How Twitter defined norovirus outbreak
ON JAN. 11, the Fulcrum editorial board and a group of its staff and volunteers set out for a national student journalism conference in Victoria, B.C. By Jan. 14, a large portion of our delegation fell ill with what turned out to be a small-scale outbreak of a highly contagious virus. The next 72 hours saw several Fulcrumites placed under voluntary quarantine and two sent to hospital. Unable to communicate in person, conference attendees turned to their already overactive Twitter accounts to update one another on the progress of the outbreak—and whether that was a good idea is debatable.
When individuals are in a crisis situation, they immediately want to be comforted, and the easiest way to offer that comfort is through human connection and accurate, relevant information. This is where Twitter fails to be successful in a crisis.
Twitter is a social network. It takes the tweets of its many users and organizes them using hashtags. Since any one user can use any hashtag at any time, you end up with a lot of noise on the site. This noise, in turn, interferes with one’s ability to find and collect the relevant information they need.
For example, one phone call to the front desk of the hotel offered all of the information required to make educated decisions about the situation in Victoria. On the other hand, Twitter users were offering speculation and rumor, and no two claims seemed to match up.
The quality of the information and its source directly reflects the reaction of the affected audience. The use of Twitter to relay information caused mild hysteria and irrational thinking among a group of intelligent individuals—easily avoidable had the situation been handled personally and systematically.
Twitter offers a false sense of interaction, creating a distraction, which is fine when you’re keeping up with the Kardashians but problematic when you attempt to understand and react to an unfolding crisis. What Twitter offered in this case was speculation and uninformed commentary, but what we needed was hard facts.
A crisis needs a hierarchy of informed individuals offering information to the affected, not a sea of casual observations. Twitter has a time and a place—this was neither.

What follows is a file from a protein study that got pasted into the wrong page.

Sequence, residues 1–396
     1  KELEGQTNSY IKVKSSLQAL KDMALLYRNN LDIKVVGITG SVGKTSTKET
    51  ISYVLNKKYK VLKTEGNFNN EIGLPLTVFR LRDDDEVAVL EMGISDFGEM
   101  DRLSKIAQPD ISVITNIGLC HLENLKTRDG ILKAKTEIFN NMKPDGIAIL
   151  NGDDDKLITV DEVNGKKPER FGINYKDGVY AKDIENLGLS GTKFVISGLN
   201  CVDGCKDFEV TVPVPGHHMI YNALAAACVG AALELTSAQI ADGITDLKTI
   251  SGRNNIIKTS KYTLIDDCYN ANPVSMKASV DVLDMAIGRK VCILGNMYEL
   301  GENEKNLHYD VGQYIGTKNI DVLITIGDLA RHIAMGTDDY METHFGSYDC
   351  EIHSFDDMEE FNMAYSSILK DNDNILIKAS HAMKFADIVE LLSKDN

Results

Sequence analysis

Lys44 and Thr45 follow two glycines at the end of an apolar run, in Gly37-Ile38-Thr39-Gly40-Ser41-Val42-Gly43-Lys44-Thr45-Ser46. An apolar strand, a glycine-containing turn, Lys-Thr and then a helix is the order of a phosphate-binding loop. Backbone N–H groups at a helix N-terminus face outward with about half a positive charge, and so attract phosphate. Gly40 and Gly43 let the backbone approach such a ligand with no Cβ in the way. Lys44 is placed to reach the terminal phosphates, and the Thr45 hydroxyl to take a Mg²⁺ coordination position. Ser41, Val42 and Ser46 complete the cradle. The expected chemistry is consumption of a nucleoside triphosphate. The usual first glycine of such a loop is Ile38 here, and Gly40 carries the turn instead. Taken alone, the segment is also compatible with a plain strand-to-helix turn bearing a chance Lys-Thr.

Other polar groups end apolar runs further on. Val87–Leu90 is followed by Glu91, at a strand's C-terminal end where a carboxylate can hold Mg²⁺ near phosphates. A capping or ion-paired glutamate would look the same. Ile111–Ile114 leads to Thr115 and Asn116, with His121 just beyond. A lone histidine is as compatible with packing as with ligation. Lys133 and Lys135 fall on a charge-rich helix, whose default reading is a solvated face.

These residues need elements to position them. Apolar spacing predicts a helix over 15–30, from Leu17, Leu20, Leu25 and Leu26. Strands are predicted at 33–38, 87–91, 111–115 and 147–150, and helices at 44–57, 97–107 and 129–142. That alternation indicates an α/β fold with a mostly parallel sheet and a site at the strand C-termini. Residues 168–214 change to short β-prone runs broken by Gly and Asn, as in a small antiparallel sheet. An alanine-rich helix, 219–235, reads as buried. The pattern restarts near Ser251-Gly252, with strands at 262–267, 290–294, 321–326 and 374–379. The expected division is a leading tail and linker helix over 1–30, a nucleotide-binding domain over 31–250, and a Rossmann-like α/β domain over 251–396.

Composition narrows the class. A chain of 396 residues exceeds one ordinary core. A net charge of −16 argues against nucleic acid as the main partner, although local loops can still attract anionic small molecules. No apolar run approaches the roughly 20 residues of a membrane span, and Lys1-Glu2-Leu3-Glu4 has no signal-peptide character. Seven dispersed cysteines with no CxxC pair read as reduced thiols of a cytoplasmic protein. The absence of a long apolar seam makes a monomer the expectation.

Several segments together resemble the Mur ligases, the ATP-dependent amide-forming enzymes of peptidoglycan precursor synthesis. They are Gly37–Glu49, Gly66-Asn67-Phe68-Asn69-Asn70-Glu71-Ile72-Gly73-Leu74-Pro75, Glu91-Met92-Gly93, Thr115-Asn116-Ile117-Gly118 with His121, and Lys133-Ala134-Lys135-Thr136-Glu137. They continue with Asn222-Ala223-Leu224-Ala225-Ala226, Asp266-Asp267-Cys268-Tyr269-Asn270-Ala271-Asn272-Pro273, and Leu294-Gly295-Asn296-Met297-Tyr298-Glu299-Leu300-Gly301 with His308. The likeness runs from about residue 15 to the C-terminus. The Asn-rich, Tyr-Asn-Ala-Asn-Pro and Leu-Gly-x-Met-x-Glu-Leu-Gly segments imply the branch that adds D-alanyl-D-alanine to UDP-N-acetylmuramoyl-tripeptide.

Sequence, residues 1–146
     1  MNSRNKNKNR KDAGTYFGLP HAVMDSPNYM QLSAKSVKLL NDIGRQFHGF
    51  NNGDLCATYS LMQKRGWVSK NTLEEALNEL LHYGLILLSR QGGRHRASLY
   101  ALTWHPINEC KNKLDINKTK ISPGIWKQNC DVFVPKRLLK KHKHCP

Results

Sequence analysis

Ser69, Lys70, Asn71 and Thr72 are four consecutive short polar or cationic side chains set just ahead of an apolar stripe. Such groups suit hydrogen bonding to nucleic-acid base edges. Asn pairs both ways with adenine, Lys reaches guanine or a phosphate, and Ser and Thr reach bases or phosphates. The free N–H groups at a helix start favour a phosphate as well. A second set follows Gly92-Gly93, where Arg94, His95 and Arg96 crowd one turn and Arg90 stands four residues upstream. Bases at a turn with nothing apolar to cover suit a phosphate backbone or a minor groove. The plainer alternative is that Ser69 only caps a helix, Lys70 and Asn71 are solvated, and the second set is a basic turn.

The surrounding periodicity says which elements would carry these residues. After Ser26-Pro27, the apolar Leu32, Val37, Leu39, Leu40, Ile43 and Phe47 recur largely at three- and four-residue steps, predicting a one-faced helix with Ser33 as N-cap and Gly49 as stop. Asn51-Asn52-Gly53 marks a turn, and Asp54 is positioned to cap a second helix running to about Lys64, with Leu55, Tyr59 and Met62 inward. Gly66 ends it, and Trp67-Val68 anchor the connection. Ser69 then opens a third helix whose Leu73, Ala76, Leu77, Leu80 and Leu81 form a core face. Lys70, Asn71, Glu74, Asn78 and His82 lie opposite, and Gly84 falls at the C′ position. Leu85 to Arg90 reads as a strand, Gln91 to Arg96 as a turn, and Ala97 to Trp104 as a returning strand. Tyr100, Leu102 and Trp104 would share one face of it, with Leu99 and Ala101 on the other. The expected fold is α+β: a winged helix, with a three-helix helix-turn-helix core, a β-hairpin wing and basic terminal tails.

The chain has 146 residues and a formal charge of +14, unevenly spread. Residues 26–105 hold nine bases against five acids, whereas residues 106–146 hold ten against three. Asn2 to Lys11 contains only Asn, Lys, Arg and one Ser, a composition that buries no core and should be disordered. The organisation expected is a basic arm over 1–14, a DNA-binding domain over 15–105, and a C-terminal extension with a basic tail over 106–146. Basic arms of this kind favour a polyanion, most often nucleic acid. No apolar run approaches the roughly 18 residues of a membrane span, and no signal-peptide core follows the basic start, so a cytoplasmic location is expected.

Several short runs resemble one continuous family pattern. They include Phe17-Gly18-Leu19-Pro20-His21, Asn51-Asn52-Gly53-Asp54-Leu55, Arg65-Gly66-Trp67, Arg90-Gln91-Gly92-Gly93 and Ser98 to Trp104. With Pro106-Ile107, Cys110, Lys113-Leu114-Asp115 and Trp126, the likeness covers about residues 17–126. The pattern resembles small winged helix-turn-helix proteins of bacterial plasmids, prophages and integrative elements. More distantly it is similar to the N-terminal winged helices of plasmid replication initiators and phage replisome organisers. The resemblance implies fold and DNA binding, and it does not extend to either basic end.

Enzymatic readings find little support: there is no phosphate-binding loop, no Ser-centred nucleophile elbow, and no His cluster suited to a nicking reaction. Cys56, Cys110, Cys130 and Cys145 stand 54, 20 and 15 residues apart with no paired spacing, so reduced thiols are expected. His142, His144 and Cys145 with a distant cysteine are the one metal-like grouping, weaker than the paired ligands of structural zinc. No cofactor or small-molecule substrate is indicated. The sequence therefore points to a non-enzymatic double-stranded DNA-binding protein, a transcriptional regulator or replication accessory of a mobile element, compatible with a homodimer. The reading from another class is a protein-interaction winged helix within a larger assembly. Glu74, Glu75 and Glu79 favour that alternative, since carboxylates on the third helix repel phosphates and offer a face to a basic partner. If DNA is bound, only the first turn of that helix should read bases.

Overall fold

It was still evening on Saturday when the severity of the situation in Victoria began to hit me. Our annual formal gala cancelled due to rapidly spreading illness amongst delegates, I began to feel sick myself after seeing so many attendees drop like flies around me.
By the small hours of Sunday morning, I fell ill myself. Violently ill and unable to leave my room, I had no way to update Fulcrum staff or conference organizers on my condition. Stuck between a rock and a hard place, I turned to Twitter.
Given that no water, medication, or other sustenance would stay down, Twitter quickly became the best tool at the disposal of the “sickies,” as we were affectionately dubbed by a Fulcrum staffer. It was through this social networking powerhouse that I was informed not to leave my room, notified to expel all healthy people from my room, instructed on how to stay hydrated and avoid hospitalization, and added to the list of those in need of immediate medical attention.
If it had not been for the insight of conference attendees to turn to Twitter en masse, information would not have been available in time to curb the spread of infection and address concerns of those who fell ill early.
For many, Twitter was the only tool available to keep the flow of information moving between those under quarantine and those free to move around. Without it, where would we have turned? Facebook?